Eagly, A. H. & Carli, L. L. (2007). Through the Labyrinth: The Truth About How Women Become Leaders. Boston, MA: Harvard Business School Press.
- Eagly and Carli do an excellent job of describing the non-linear path that women face in moving up in organizations. They include evidence to support their assertions and give solid advice to women who want to navigate the world of organizational leadership.
Epstein, C. F., Seron, C., Oglensky, B., & Sauté, R. (1999). The Part-time Paradox: Time Norms, Professional Life, Family, and Gender. New York: Routledge.
- This book discusses the stigma and other complications that people, particularly women, face when they reduce their hours at work.
Ferdman, B. M. & Deane, B. R. (Eds. 2014). Diversity at Work: The Practice of Inclusion. San Francisco, CA: Jossey-Bass.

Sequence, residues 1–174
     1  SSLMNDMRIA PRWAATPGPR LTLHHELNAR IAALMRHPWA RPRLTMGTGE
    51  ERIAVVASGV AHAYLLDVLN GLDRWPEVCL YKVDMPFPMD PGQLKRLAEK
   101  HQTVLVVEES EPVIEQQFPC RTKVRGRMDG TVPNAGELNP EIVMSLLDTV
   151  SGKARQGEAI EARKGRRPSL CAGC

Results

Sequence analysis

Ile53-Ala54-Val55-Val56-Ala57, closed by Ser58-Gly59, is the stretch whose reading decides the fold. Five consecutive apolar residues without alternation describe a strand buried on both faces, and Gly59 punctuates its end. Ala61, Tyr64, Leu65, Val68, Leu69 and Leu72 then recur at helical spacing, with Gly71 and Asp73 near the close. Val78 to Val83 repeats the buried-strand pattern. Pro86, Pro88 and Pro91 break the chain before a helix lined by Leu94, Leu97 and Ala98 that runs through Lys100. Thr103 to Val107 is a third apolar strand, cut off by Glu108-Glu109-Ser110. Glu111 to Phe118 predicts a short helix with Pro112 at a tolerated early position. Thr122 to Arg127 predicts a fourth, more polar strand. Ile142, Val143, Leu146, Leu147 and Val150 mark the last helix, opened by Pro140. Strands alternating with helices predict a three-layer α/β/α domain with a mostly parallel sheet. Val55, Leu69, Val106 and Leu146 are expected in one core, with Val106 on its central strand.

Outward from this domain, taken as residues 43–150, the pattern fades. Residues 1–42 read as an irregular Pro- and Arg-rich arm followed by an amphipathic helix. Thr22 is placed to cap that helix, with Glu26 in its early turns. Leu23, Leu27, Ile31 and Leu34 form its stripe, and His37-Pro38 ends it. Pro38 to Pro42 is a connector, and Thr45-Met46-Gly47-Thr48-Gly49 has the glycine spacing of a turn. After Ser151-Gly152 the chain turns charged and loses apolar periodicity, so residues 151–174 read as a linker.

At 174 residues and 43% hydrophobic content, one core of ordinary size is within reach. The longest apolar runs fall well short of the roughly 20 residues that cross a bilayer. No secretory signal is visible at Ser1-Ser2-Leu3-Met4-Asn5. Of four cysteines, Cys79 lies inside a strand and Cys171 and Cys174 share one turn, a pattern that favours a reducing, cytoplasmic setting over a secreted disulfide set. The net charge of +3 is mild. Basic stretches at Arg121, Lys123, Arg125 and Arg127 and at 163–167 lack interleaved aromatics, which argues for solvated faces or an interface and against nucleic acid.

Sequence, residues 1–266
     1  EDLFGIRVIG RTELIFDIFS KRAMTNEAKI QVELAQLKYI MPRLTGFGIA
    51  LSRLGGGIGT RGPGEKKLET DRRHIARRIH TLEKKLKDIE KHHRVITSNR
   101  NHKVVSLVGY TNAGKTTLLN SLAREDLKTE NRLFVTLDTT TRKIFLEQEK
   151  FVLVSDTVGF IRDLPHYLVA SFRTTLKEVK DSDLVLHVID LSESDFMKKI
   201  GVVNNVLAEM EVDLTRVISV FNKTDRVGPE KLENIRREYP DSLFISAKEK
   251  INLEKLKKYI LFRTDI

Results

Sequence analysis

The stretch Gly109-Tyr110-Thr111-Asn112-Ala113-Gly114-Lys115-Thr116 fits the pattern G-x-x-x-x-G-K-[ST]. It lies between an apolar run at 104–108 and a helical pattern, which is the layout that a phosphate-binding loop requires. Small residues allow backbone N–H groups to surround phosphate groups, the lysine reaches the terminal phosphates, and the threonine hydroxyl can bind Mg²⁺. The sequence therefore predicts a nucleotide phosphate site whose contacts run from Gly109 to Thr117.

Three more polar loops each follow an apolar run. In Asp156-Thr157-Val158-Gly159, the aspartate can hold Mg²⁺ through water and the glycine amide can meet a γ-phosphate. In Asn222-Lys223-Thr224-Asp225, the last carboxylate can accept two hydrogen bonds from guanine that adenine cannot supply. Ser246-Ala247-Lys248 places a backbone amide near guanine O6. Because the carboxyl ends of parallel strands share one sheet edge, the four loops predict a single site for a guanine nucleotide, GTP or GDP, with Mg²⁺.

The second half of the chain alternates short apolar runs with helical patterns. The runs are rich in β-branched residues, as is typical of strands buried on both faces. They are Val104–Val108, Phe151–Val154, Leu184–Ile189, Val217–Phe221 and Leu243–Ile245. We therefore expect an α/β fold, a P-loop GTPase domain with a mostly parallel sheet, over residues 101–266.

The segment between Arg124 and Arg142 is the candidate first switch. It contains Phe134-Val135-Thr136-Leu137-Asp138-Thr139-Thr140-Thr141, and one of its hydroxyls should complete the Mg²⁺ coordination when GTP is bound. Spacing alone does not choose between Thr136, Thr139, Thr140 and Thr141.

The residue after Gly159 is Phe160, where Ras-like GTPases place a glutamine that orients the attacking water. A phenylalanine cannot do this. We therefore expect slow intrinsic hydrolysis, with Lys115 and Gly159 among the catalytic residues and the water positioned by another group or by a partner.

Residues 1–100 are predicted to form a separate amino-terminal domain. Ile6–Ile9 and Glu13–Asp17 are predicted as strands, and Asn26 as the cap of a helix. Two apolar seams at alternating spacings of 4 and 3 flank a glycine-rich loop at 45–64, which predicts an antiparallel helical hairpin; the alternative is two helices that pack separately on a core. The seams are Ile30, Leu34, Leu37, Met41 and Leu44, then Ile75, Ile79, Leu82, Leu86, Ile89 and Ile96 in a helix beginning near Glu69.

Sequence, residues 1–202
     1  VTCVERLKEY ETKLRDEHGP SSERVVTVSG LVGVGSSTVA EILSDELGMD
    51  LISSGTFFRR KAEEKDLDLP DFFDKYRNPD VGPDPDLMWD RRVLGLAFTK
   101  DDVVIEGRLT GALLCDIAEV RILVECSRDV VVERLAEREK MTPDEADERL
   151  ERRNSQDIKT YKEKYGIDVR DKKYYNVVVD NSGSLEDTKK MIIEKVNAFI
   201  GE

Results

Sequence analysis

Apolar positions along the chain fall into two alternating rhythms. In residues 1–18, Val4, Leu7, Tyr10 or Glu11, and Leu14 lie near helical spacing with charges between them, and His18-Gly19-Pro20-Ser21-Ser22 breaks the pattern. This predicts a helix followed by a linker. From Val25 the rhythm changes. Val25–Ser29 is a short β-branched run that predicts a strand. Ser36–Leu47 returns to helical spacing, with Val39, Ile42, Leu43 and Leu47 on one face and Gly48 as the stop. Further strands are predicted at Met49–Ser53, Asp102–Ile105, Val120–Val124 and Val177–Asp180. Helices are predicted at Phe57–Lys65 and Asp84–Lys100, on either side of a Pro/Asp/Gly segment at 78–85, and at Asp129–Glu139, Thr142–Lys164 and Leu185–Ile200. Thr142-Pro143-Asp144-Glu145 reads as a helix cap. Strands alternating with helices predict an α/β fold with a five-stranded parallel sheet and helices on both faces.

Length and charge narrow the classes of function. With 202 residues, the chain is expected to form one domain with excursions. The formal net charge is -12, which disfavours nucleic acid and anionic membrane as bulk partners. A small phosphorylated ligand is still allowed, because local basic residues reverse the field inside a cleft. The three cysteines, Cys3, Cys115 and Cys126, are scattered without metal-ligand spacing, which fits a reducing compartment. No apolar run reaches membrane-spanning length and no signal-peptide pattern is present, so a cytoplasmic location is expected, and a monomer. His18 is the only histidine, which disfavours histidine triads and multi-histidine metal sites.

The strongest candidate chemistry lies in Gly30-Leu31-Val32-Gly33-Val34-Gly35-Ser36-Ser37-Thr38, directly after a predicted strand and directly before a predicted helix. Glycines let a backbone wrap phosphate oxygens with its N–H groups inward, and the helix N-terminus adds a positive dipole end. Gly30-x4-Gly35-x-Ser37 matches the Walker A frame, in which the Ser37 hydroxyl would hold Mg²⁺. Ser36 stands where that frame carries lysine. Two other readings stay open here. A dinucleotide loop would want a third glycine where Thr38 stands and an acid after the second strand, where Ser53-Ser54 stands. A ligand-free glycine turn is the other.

- This is a collection of chapters on different aspects of diversity and inclusion. It offers practical solutions for organizations to move to a culture of inclusiveness. Gender is addressed specifically within these chapters, as well as culture and other forms of diversity.
Hewlett, S. A. (2002). Creating a Life: Professional Women and the Quest for Children. New York, NY: Talk Miramax Books.
- Hewlett raises the difficult bind that women face when they want to have children and a high-power career. The biological clock limits women’s choices more than men’s.
Williams, J. C., Dempsey, R., & Slaughter, A. M. (2014). What Works for Women at Work: Four Patterns Working Women Need to Know. New York, NY: New York University Press.
- This book is simple, easy to read. It covers several major issues in gender bias at work and gives some ideas on how to deal with them. The descriptions of the problems are better than the solutions offered.
Episode of The Daily Show in which Jon Stewart takes on gender bias in politics:
Virtual summit on women helping women: